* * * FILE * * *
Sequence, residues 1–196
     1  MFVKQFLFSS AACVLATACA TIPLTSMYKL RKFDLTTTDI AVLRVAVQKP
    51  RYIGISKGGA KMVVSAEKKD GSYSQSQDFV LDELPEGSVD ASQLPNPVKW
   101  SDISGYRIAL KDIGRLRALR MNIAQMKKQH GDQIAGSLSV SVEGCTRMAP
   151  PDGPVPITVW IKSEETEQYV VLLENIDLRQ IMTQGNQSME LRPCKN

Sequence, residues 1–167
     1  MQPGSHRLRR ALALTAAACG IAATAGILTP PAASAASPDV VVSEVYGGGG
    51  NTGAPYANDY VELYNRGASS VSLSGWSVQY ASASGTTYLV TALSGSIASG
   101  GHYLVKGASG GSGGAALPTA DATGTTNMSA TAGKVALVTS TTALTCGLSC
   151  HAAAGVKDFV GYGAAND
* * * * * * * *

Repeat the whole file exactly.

Sequence, residues 1–196
     1  MFVKQFLFSS AACVLATACA TIPLTSMYKL RKFDLTTTDI AVLRVAVQKP
    51  RYIGISKGGA KMVVSAEKKD GSYSQSQDFV LDELPEGSVD ASQLPNPVKW
   101  SDISGYRIAL KDIGRLRALR MNIAQMKKQH GDQIAGSLSV SVEGCTRMAP
   151  PDGPVPITVW IKSEETEQYV VLLENIDLRQ IMTQGNQSME LRPCKN

Sequence, residues 1–167
     1  MQPGSHRLRR ALALTAAACG IAATAGILTP PAASAASPDV VVSEVYGGGG
    51  NTGAPYANDY VELYNRGASS VSLSGWSVQY ASASGTTYLV TALSGSIASG
   101  GHYLVKGASG GSGGAALPTA DATGTTNMSA TAGKVALVTS TTALTCGLSC
   151  HAAAGVKDFV GYGAAND